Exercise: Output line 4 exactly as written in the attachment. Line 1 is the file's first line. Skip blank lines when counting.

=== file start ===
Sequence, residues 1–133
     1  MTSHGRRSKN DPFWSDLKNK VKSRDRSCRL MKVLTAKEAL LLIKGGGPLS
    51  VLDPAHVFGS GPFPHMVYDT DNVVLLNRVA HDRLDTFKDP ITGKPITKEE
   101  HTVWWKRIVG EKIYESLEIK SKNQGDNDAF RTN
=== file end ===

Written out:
   101  HTVWWKRIVG EKIYESLEIK SKNQGDNDAF RTN